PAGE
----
LATLowest Astronomical Tide
MDMean Difference
SVSpatial Variation
RMSERoot Mean Square Error
TITurbulence Intensity
VADVelocity–Azimuth Display
WDWind Direction

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Figure 1. Simulated horizontal wind speed (HWS) error, Z (Equation (1)), under roll-only motion as a function of velocity-azimuth-display (VAD) scan phase (x-axis) and motional period, T, (y-axis). Roll phase ( ϕ r ) is equal to 0 deg (a), 90 deg (b), 180 deg (c), and 270 deg (d). Roll amplitude is 3.5 deg, wind vector is ( 0 , 10 , 0 ) m/s, and measurement height is 100 m in all panels [40].
Figure 1. Simulated horizontal wind speed (HWS) error, Z (Equation (1)), under roll-only motion as a function of velocity-azimuth-display (VAD) scan phase (x-axis) and motional period, T, (y-axis). Roll phase ( ϕ r ) is equal to 0 deg (a), 90 deg (b), 180 deg (c), and 270 deg (d). Roll amplitude is 3.5 deg, wind vector is ( 0 , 10 , 0 ) m/s, and measurement height is 100 m in all panels [40].
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Figure 2. Scatter plots for 10-min-averaged roll and pitch angles. (a) angular amplitude; (b) angular period. Dashed lines correspond to the 1:1 reference line. Insets show the roll–pitch cross-covariance for different time lags.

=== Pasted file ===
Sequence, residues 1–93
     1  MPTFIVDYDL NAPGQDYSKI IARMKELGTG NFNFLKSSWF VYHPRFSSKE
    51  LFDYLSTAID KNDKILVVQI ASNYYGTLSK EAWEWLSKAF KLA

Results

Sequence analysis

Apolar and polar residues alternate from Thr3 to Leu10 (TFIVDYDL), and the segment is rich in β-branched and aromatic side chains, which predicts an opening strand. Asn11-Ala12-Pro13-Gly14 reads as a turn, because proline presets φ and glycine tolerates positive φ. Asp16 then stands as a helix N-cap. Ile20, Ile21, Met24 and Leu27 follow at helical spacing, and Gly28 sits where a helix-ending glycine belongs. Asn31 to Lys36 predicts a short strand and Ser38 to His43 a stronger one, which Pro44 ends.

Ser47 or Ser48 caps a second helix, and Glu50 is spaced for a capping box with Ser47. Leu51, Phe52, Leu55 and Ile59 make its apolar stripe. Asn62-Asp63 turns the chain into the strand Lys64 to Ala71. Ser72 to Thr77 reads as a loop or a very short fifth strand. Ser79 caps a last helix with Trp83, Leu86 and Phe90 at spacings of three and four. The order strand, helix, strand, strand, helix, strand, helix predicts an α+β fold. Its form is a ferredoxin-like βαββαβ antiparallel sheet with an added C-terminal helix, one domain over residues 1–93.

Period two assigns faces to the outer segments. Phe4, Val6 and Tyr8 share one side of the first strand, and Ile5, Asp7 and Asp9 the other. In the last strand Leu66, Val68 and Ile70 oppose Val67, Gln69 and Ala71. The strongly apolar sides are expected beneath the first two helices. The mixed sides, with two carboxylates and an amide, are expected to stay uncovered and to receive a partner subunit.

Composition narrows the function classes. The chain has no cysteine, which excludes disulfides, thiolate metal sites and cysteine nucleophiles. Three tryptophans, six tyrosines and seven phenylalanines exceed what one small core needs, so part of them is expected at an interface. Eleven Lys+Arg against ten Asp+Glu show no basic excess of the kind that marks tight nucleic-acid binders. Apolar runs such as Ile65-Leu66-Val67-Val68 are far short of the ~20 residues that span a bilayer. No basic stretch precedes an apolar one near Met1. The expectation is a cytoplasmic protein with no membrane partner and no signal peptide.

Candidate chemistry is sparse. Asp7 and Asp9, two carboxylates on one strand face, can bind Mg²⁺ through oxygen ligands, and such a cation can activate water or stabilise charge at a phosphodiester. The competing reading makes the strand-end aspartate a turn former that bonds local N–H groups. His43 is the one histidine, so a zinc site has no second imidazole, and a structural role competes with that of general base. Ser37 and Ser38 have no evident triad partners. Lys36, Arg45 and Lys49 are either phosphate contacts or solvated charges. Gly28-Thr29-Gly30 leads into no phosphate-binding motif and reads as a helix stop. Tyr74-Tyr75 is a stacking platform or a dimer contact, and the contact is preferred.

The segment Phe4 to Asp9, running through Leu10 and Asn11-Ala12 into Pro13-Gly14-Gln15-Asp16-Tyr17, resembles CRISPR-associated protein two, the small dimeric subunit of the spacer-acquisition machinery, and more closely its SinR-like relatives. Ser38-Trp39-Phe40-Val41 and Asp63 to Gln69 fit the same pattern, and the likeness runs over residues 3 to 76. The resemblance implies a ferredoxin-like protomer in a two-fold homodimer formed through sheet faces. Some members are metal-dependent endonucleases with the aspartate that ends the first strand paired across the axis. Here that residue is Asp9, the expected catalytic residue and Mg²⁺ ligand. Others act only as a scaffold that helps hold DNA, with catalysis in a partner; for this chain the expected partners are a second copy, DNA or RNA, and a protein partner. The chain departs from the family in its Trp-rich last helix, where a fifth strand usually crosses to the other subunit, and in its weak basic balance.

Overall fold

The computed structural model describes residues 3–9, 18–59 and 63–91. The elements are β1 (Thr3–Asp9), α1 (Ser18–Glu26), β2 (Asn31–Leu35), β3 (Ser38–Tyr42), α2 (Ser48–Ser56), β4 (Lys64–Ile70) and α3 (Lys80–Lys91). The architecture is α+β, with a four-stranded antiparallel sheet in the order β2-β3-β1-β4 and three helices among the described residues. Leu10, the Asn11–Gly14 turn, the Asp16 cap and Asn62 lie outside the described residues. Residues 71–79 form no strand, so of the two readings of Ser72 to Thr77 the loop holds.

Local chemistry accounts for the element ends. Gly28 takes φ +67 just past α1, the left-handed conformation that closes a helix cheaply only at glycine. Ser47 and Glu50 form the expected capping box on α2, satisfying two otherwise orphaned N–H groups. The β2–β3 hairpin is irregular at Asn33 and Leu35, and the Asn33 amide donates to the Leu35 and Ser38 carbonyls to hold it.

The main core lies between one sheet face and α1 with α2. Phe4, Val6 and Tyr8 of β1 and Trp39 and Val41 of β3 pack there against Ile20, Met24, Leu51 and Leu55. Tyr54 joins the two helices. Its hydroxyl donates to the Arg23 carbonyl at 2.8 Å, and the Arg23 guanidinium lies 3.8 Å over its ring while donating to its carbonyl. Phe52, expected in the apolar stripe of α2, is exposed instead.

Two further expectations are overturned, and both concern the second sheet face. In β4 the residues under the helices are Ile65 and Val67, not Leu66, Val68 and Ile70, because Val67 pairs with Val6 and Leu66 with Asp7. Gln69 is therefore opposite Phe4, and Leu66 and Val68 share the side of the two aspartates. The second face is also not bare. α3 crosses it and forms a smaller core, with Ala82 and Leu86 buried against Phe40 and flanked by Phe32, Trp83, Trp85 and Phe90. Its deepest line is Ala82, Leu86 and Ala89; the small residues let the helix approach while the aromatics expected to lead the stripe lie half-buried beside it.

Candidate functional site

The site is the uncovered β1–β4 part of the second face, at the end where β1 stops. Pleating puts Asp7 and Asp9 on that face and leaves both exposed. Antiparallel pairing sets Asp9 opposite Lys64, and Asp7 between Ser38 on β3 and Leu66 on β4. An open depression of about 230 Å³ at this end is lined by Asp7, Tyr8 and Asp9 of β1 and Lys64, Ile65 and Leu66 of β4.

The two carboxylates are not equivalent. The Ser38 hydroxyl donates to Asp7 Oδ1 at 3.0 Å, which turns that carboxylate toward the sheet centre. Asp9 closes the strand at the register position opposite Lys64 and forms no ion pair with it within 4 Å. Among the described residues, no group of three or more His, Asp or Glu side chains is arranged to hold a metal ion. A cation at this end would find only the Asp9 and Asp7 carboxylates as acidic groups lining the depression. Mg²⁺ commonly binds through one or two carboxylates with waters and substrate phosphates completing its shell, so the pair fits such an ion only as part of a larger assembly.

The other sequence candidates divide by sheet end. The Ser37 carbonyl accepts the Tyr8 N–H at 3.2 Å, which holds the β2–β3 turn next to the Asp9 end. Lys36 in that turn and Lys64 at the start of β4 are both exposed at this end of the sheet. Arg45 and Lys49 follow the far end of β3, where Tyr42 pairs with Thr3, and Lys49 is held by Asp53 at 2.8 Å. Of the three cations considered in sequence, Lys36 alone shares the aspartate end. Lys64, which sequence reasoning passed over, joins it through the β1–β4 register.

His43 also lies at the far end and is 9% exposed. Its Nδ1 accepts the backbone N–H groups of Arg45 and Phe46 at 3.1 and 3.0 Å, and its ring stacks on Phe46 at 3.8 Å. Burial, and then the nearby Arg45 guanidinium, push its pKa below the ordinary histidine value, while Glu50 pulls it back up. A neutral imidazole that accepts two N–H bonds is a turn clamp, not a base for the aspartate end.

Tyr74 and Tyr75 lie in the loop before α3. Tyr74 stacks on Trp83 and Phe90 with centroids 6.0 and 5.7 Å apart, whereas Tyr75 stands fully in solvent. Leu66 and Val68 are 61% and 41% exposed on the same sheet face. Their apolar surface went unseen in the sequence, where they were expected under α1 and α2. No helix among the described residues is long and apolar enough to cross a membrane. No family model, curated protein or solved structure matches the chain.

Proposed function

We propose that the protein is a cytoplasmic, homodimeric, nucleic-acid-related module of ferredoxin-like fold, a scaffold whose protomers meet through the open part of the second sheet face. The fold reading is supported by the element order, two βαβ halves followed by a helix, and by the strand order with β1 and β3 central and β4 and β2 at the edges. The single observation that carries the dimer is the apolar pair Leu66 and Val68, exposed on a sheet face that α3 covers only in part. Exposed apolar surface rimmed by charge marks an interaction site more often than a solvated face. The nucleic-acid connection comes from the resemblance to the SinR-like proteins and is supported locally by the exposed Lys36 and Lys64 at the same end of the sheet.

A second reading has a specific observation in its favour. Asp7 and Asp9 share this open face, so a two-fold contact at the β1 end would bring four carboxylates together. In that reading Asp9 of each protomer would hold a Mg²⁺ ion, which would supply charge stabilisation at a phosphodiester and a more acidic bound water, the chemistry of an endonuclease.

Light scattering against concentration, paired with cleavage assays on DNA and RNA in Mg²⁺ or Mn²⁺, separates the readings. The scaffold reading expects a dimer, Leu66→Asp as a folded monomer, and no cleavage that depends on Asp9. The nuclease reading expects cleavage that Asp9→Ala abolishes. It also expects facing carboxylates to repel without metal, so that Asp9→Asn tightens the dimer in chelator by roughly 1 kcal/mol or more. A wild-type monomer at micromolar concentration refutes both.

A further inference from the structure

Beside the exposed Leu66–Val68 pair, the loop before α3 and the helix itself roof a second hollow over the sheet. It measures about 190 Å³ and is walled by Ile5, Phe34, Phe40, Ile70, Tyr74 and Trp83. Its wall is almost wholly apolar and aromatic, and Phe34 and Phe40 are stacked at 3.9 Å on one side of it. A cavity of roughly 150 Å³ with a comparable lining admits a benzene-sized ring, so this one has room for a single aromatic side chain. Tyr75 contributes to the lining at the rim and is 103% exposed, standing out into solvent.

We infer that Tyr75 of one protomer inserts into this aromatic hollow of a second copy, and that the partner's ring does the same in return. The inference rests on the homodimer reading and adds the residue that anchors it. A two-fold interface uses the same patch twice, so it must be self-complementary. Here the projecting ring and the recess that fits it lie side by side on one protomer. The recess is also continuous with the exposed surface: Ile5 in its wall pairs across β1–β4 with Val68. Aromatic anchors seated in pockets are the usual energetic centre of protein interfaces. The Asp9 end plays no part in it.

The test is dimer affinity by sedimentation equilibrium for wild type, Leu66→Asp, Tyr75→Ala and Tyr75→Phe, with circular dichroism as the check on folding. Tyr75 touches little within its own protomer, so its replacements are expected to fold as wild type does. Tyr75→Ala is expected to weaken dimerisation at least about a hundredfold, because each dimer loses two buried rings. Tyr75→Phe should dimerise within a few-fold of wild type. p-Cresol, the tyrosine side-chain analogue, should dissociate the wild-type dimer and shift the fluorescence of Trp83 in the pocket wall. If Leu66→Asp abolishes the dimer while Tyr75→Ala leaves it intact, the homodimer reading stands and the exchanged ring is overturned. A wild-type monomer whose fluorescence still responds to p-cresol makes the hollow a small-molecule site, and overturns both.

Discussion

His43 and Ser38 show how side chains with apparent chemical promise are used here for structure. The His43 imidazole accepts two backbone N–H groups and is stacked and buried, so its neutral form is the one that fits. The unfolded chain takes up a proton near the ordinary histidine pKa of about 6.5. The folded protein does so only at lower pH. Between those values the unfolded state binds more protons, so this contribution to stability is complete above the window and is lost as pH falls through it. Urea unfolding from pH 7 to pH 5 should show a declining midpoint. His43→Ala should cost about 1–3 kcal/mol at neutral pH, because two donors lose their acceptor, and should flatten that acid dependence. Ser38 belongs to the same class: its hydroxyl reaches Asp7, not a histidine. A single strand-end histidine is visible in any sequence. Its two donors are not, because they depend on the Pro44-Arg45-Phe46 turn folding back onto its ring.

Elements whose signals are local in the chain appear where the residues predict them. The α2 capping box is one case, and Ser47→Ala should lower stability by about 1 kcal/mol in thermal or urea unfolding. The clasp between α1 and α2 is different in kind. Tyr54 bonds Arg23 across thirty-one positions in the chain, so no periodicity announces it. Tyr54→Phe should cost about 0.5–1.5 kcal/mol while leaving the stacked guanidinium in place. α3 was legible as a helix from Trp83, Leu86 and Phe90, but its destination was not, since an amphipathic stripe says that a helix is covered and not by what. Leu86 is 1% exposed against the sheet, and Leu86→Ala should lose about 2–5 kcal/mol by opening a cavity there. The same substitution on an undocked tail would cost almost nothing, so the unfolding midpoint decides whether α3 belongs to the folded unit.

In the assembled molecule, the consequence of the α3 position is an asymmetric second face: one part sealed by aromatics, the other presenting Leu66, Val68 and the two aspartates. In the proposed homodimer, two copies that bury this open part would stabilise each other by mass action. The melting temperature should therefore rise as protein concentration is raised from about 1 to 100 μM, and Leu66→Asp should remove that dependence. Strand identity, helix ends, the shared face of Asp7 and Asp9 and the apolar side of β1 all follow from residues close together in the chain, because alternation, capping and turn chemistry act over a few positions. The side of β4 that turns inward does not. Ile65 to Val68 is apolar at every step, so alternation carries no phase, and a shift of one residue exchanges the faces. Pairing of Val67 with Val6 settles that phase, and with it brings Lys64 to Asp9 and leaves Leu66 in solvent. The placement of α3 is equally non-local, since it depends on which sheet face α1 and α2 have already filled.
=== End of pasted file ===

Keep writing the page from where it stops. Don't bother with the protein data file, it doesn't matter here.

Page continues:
Figure 2. Scatter plots for 10-min-averaged roll and pitch angles. (a) angular amplitude; (b) angular period. Dashed lines correspond to the 1:1 reference line. Insets show the roll–pitch cross-covariance for different time lags.
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Figure 3. Simulator results of motion-induced HWS error standard deviation, σ Z as a function of motional period, T (x-axis) and wind direction (y-axis). HWS is 10 m/s HWS, roll-and-pitch amplitude is 3.5 deg.
Figure 3. Simulator results of motion-induced HWS error standard deviation, σ Z as a function of motional period, T (x-axis) and wind direction (y-axis). HWS is 10 m/s HWS, roll-and-pitch amplitude is 3.5 deg.
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Figure 4. Selected discussion case examples from Table 1. (a) case no. 2, HWS = 5 m/s; angular amplitude (AA) = 2 deg; period (T) = 4 s; (b) case no. 18, HWS = 9 m/s; AA = 3 deg; T = 3 s; (c) case no. 25, HWS = 3 m/s; AA = 1 deg; T = 3 s). All panels: the x-axis represents the 10-min HWS standard deviation of the floating lidar, denoted σ m o v i n g . The y-axis represents (in blue crosses) the standard deviation of the reference-lidar HWS (denoted σ r e f ) and (in red circles) the standard deviation of the motion-corrected HWS (denoted σ c o r r ). The dashed black line represents the 1:1 reference line.